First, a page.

No-Go Britain; Fury as UN Drugs Chief Compares Parts of Inner-City UK to the Terrifying Murder and Drugs Capitals of Mexico and Brazil

Daily Mail (London), February 29, 2012 | Go to article overview
Save to active project

No-Go Britain; Fury as UN Drugs Chief Compares Parts of Inner-City UK to the Terrifying Murder and Drugs Capitals of Mexico and Brazil


Byline: Jack Doyle Home Affairs Correspondent

BRITISH cities have lawless 'no-go areas' comparable with the most dangerous parts of Brazil, Mexico and the U.S., according to a United Nations drugs chief.

Professor Hamid Ghodse claimed Birmingham, Liverpool and Manchester are on a par with the drug and murder capitals of the world.

The president of the International Narcotics Control Board said the police had lost control of parts of these cities, and drugs gangs had taken over.

But his comments caused fury from police and community leaders.

Tony Lloyd, Labour MP for Manchester Central, said: 'I walk the streets of Manchester on a regular basis. It is not the same as Bogota, it is not the same as Mexico City.

'He is either ignorant or stupid. If he has surveyed my city from the decadence of a five-star hotel room then he may well draw those conclusions.

'If he had come out with me on the streets he would see that people are living happily and peacefully.'

Liverpool council leader Joe Anderson said: 'Anyone who knows Liverpool will not recognise the city from the way in which this report is being interpreted.

The comparisons are fanciful and it is absurd to say any part of the city is a no-go area.'

Ahead of the publication of the INCB's annual report on drugs around the world, Professor Ghodse said urgent action was needed because parts

of the UK were experiencing 'social disintegration'.

The Iranian-born doctor claimed that Birmingham, Liverpool and Manchester were experiencing 'a vicious cycle of social exclusion and drugs problems and fractured communities'.

'In many societies around the world, whether developed or developing, there are communities within the societies which develop which become no-go areas,' he went on.

'Drug traffickers, organised crime, drug users, they take over. They will get the sort of governance of those areas.

'Examples are in Brazil, Mexico, in the United States, in the UK, Birmingham, Liverpool, Manchester, and therefore it is no good to have only law enforcement, which always shows it does not succeed.

'It is crucial that the needs of communities experiencing social disintegration are urgently tackled before the tipping point is reached, beyond which effective action becomes impossible.

'The consequences of failure are too high for society and should be avoided at all cost.'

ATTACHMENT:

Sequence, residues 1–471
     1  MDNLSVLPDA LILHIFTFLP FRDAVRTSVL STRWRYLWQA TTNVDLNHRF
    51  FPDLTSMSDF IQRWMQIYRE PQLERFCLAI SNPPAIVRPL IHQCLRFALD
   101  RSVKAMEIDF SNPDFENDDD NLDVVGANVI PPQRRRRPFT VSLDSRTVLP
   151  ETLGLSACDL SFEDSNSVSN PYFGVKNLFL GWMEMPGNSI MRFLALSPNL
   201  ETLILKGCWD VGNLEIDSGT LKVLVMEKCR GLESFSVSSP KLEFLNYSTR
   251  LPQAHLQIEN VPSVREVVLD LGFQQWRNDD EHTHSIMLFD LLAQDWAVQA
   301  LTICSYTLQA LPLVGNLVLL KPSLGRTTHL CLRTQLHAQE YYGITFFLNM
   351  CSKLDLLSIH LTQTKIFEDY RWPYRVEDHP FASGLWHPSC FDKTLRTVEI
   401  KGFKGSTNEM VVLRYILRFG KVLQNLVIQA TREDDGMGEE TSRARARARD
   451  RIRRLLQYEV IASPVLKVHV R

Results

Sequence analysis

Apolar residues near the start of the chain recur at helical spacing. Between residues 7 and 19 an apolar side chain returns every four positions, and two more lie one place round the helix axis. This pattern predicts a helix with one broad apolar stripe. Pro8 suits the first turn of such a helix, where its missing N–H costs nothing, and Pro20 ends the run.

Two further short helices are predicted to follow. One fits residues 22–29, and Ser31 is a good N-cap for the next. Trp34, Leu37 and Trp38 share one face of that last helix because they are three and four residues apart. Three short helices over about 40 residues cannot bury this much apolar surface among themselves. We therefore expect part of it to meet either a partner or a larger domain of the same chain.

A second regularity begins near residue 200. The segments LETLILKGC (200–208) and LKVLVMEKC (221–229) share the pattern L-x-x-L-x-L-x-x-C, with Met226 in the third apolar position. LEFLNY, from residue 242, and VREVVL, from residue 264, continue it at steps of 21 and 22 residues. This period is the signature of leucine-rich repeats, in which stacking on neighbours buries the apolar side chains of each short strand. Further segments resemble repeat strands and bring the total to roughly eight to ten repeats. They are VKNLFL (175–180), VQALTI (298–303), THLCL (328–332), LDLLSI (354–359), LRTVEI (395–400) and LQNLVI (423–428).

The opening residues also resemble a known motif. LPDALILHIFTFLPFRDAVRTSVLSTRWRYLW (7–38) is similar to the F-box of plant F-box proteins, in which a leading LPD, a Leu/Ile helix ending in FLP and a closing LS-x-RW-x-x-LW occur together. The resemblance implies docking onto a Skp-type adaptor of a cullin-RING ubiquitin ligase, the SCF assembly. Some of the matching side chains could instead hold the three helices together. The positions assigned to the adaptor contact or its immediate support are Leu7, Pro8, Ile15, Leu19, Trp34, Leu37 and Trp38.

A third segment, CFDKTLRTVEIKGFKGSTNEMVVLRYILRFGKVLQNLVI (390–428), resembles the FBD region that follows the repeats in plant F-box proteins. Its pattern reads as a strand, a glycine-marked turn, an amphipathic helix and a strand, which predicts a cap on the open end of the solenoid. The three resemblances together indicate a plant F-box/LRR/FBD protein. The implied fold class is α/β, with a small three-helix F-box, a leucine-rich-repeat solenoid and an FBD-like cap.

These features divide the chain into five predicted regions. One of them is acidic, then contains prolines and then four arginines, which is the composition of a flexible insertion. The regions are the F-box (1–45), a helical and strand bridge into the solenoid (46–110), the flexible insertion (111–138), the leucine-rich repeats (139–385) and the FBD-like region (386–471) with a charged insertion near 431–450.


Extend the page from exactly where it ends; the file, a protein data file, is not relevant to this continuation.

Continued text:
His comments were undermined by statistics showing the wildly differing crime rates between cities in England and South America.

The rest of this article is only available to active members of Questia

Sign up now for a free, 1-day trial and receive full access to:

  • Questia's entire collection
  • Automatic bibliography creation
  • More helpful research tools like notes, citations, and highlights
  • Ad-free environment

Already a member? Log in now.

Notes for this article

Add a new note
If you are trying to select text to create highlights or citations, remember that you must now click or tap on the first word, and then click or tap on the last word.
Loading One moment ...
Project items
Notes
Cite this article

Cited article

Style
Citations are available only to our active members.
Sign up now to cite pages or passages in MLA, APA and Chicago citation styles.

Cited article

No-Go Britain; Fury as UN Drugs Chief Compares Parts of Inner-City UK to the Terrifying Murder and Drugs Capitals of Mexico and Brazil
Settings

Settings

Typeface
Text size Smaller Larger
Search within

Search within this article

Look up

Look up a word

  • Dictionary
  • Thesaurus
Please submit a word or phrase above.
Print this page

Print this page

Why can't I print more than one page at a time?

While we understand printed pages are helpful to our users, this limitation is necessary to help protect our publishers' copyrighted material and prevent its unlawful distribution. We are sorry for any inconvenience.
Full screen

matching results for page

Cited passage

Style
Citations are available only to our active members.
Sign up now to cite pages or passages in MLA, APA and Chicago citation styles.

Cited passage

Welcome to the new Questia Reader

The Questia Reader has been updated to provide you with an even better online reading experience.  It is now 100% Responsive, which means you can read our books and articles on any sized device you wish.  All of your favorite tools like notes, highlights, and citations are still here, but the way you select text has been updated to be easier to use, especially on touchscreen devices.  Here's how:

1. Click or tap the first word you want to select.
2. Click or tap the last word you want to select.

OK, got it!

Thanks for trying Questia!

Please continue trying out our research tools, but please note, full functionality is available only to our active members.

Your work will be lost once you leave this Web page.

For full access in an ad-free environment, sign up now for a FREE, 1-day trial.

Already a member? Log in now.

Are you sure you want to delete this highlight?